Photo: Mercedes Mehling, Unsplash
A group of people dancing.

Designing With Purpose: Safe Spaces for a Growing LGBTQ+ Population

Today, more Americans than ever identify as LGBTQ+, reflecting a broader acceptance of diverse sexual and gender identities, especially among younger generations. However, as a historically marginalized community, LGBTQ+ individuals have relied on “safe spaces” — environments where they can express their identities without fear of discrimination, judgment, or harm — for community, self-expression, and acceptance. Recent growth in this community, alongside ongoing resistance against LGBTQ+ rights, has elevated conversations about the continued need for such spaces and how they can evolve to meet changing needs.

At Gensler, our roles and responsibilities extend beyond designing and constructing spaces; we aim to develop environments where all individuals, including the LGBTQ+ community, can thrive. Our work encompasses architecture, design, planning, and strategy, providing diverse opportunities to shape the environments where people live, work, and play. By integrating flexible design elements and embracing new technologies, we ensure these spaces remain accessible and welcoming for all.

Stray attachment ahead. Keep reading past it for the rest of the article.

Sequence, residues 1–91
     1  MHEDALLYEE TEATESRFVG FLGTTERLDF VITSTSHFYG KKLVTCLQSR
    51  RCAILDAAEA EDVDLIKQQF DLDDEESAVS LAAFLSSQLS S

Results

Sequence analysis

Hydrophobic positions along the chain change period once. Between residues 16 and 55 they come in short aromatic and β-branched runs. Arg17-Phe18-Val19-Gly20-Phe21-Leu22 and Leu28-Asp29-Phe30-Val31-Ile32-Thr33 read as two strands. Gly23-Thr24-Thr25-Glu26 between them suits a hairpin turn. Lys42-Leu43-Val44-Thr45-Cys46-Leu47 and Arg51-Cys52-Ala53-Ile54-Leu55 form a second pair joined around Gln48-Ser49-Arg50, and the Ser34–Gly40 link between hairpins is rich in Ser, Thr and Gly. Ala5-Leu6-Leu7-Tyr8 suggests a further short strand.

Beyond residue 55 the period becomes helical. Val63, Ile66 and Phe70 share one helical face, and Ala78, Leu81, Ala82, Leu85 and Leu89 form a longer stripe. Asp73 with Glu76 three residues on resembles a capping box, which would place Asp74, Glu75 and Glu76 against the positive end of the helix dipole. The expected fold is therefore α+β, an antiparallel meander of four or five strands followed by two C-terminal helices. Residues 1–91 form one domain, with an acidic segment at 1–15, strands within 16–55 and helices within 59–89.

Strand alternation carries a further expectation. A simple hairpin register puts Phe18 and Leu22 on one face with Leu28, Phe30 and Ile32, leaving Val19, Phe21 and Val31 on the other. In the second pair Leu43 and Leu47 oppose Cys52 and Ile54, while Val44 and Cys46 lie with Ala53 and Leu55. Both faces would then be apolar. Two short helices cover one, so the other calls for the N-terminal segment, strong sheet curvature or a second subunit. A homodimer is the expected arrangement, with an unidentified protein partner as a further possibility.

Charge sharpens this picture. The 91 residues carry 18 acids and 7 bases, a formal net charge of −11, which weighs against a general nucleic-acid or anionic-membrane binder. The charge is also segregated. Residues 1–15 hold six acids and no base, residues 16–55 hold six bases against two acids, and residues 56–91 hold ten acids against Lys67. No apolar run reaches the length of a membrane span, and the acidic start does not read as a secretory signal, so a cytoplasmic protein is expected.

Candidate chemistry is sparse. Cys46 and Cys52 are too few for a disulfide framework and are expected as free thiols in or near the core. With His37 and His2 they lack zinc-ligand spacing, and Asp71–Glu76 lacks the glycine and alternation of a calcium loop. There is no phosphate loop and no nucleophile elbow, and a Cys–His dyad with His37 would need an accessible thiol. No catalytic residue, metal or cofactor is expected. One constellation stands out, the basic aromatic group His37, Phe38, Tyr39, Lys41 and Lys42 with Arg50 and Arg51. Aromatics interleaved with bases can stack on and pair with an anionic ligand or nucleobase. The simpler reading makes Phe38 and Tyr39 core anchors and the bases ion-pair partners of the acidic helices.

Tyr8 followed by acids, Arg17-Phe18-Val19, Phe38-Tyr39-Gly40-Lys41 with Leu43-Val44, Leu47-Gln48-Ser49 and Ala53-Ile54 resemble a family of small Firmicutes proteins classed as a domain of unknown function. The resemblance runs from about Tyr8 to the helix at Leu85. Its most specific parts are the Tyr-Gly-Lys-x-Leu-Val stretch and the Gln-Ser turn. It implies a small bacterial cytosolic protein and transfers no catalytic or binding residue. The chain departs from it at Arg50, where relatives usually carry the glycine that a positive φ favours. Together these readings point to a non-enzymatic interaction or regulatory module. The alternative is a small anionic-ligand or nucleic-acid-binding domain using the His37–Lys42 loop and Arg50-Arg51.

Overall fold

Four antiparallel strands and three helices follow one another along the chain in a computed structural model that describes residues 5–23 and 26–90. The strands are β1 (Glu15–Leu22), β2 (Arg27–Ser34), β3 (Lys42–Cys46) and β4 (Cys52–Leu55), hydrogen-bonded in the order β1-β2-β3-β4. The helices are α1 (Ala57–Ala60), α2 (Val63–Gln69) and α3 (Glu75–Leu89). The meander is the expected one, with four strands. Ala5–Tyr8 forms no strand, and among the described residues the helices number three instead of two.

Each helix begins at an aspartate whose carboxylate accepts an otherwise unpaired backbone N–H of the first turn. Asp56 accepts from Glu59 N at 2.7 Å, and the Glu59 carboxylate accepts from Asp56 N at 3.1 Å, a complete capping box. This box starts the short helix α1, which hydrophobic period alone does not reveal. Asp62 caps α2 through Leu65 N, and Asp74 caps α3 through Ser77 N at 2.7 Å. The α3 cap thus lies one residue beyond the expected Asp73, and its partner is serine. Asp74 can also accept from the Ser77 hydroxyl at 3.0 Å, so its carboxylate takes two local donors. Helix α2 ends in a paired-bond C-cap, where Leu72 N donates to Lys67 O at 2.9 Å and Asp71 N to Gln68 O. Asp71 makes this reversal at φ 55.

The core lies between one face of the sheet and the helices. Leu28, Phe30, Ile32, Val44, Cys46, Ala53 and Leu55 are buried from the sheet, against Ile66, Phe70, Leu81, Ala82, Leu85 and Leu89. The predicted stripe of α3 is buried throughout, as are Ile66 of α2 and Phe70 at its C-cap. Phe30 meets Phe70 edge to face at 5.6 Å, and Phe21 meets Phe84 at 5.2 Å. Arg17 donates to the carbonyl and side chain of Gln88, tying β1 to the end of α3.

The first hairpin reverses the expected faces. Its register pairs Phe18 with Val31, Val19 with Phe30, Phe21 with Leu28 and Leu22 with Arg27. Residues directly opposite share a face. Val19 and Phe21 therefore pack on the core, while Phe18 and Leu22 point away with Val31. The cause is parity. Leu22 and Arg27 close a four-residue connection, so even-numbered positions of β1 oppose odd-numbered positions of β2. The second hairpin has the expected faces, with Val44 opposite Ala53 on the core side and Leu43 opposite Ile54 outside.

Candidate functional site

Last June, Gensler’s Baltimore office hosted a panel to discuss the importance of safe spaces for the LGBTQ+ community. The event brought together a diverse group of speakers from public and private institutions, emphasizing the multifaceted approach needed to foster inclusive environments where everyone feels safe, respected, and included. Panelists shared insights on the challenges of establishing safe spaces, practical design considerations, and aspirational intents. Even a year later, the lessons we learned remain relevant today:

  • Gender-neutral amenities: While more organizations adopt these amenities, significant challenges persist, including cultural resistance and regulatory hurdles. Practical design considerations include ensuring privacy, accessibility, and visibility. Thirty percent of the global population lacks adequate restrooms. Normalizing gender-neutral amenities promotes inclusivity and respect while enhancing safety for non-binary, transgender, and gender non-conforming individuals.
A person walking through a hallway.
Photo by Connie Zhou.
  • Clear and inclusive signage: The current trend focuses on using simple, respectful, and affirming language, along with universally recognized symbols, to make spaces more welcoming. Through strategic placement, the goal is to create environments where everyone feels welcome, raise awareness about the importance of inclusive language, and engage the community in the design process to meet their needs.
A room with a table and chairs.
REACH LA, Los Angeles
  • Flexible and adaptable spaces: These spaces, designed with modular furniture, movable walls, and integrated technology, can be easily reconfigured for various events and activities. A prime example is the Frisco Public Library in Frisco, Texas, which transformed an existing warehouse with soaring ceilings into a civic cornerstone for the community. This project’s adaptability promotes a sense of agency and well-being, aiming to create inclusive, community-centric spaces that evolve to remain relevant and useful.